A masterpiece of American reporting. It's more than the story of a tragic figure or the exploitation of the unknown politics of our time. It's an elegantly written and enthralling work of art.
I agree with White. Caro's books are indeed works of art. Below I quote two paragraphs that appeared on page 6 of The Power Broker. They drew me in to read the entire book, and made me a Caro watcher.

The Paris Review Interview
The final section of Working is an interview with Caro entitled "The Art of Biography." It is reprinted from the Spring 2016 issue of The Paris Review. The interviewer is James Santel, whose sole function seems to have been to ask 14 brief questions and let Caro take it from there. In one of his responses, Caro quotes a portion of these two paragraphs from The Power Broker. They illustrate Caro's style and artistry:
Standing out from the map's delicate tracery of gridirons representing streets are heavy lines, lines girding the city or slashing across its expanses. These lines denote the major roads on which automobiles and trucks move, roads whose very location, moreover, does as much as any single factor to determine where and how a city's people live and work. With a single exception, the East River Drive, Robert Moses built every one of those roads. He built the Major Deegan Expressway, the Van Wyck Expressway, the Sheridan Expressway and the Bruckner Expressway. He built the Gowanus Expressway, the Prospect Expressway, the Whitestone Expressway, the Clearview Expressway and the Throgs Neck Expressway. He built the Cross-Bronx Expressway, the Brooklyn-Queens Expressway, the Nassau Expressway, the Staten Island Expressway and the Long Island Expressway. He built the Harlem River Drive and the West Side Highway.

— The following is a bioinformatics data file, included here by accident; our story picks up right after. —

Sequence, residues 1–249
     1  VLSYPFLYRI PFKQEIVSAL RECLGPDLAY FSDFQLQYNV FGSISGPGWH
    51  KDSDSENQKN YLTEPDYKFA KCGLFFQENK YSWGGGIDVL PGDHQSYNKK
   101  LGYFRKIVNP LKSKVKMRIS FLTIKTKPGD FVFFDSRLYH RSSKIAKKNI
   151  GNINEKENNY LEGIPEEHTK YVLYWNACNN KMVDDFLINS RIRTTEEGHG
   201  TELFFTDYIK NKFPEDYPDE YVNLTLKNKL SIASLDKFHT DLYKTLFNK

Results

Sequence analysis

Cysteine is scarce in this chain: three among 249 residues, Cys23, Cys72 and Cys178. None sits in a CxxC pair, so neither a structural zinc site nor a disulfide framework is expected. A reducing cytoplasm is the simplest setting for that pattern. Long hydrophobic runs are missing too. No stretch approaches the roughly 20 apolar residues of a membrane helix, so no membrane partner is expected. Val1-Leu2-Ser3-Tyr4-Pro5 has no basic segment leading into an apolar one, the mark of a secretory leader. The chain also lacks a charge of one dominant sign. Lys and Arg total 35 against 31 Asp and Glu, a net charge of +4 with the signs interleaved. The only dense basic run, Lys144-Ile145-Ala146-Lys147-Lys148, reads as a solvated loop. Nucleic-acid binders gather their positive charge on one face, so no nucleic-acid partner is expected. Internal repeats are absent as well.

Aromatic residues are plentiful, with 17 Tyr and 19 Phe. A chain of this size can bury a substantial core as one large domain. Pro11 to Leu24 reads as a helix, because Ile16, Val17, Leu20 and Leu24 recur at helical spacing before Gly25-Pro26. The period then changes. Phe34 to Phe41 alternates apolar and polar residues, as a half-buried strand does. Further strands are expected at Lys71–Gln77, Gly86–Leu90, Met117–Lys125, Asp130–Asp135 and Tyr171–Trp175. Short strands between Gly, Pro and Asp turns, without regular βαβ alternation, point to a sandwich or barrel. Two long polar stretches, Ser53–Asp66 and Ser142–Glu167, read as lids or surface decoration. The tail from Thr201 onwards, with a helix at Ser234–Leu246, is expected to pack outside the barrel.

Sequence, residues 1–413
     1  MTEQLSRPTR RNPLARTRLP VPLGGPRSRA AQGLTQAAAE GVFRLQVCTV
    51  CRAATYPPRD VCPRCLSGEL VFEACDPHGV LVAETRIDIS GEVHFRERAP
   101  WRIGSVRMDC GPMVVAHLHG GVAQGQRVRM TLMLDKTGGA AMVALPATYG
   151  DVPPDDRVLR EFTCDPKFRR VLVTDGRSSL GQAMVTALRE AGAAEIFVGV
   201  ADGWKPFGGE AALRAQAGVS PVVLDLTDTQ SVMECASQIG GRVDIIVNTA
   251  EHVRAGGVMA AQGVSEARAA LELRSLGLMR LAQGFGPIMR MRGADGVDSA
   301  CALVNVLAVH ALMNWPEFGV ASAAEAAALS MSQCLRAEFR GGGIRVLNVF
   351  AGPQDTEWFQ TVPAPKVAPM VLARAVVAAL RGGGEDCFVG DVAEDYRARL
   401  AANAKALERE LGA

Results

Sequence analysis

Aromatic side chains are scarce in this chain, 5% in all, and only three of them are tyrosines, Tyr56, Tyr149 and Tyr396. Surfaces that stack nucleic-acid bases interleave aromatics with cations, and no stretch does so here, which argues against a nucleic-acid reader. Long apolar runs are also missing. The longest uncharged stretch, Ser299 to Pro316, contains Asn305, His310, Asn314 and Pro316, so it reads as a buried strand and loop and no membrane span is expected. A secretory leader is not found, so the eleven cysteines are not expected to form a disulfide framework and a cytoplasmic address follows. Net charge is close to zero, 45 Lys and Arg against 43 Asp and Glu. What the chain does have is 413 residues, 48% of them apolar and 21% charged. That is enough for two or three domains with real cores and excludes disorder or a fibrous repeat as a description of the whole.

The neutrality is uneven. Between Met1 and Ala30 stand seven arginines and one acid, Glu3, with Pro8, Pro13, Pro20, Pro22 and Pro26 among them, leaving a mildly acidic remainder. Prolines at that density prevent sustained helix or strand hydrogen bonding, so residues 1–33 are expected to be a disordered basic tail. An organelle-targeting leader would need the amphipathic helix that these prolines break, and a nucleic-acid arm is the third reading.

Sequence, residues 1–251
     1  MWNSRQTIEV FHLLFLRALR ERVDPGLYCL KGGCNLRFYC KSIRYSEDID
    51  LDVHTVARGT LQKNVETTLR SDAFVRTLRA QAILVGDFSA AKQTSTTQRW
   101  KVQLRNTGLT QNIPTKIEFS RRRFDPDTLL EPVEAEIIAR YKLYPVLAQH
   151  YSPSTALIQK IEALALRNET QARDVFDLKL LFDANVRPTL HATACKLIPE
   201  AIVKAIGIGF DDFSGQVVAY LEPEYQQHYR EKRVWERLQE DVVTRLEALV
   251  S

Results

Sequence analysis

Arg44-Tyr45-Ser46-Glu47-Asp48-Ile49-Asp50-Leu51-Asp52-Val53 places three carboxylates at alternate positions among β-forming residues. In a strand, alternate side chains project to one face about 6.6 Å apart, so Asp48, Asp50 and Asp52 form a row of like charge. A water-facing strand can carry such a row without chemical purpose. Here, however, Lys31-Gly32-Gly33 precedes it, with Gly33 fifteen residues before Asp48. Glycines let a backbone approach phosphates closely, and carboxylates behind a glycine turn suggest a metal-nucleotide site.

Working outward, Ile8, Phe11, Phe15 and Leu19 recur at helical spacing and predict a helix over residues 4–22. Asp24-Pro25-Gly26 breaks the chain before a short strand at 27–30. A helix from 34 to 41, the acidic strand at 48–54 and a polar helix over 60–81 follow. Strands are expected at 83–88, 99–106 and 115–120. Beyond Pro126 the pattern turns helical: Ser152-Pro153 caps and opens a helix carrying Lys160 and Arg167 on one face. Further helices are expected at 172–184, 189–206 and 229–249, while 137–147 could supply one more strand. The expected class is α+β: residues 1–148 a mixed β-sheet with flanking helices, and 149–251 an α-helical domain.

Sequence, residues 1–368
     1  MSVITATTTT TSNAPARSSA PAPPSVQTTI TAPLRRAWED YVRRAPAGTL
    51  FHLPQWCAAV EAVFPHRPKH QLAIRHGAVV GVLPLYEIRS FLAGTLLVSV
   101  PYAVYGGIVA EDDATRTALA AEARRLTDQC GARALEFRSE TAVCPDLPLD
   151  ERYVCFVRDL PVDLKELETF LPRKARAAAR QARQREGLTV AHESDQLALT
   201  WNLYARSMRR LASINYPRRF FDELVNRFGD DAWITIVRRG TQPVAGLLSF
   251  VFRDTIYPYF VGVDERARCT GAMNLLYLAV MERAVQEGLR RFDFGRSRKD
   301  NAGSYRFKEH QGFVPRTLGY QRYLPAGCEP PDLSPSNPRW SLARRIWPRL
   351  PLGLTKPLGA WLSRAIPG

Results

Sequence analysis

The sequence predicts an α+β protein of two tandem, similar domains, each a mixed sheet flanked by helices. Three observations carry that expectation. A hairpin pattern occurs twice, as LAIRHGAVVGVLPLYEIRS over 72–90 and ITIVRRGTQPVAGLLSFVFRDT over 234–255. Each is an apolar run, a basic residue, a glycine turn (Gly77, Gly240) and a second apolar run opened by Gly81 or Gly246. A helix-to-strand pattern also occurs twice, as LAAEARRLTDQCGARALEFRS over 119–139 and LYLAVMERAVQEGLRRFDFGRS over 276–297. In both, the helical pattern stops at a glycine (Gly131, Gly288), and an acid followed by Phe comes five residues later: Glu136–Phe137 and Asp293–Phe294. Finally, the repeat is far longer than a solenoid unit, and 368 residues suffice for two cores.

Only one borough of New York City—the Bronx—is on the mainland of the United States, and bridges link the island boroughs that form metropolis. Since 1931, seven such bridges were built, immense structures, some of them anchored by towers as tall as seventy-story buildings, supported by cables made up of enough wire to drop a noose around the earth. Those bridges are the Triborough, the Verrazano, the Throgs Neck, the Marine, the Henry Hudson, the Cross Bay and the Bronx-Whitestone. Robert Moses built every one of those bridges.
Doing the Math
Caro watchers wonder whether Caro, now 83, will live long enough to finish the fifth and final volume on Johnson. Caro says they ask him to "do the math," and they wonder why he interrupted that effort to publish Working. He says he has done the math, there remain "several" more years of work on the fifth volume, and explains why he published Working now. Among elderly Caro watchers, there is the other math question of whether we will live long enough to read the fifth volume on Johnson.

For those who are not Caro watchers, I strongly recommend you read Working. I am confident you will find it enjoyable, and well worth the time. When you read it, you may join the ranks of Caro watchers.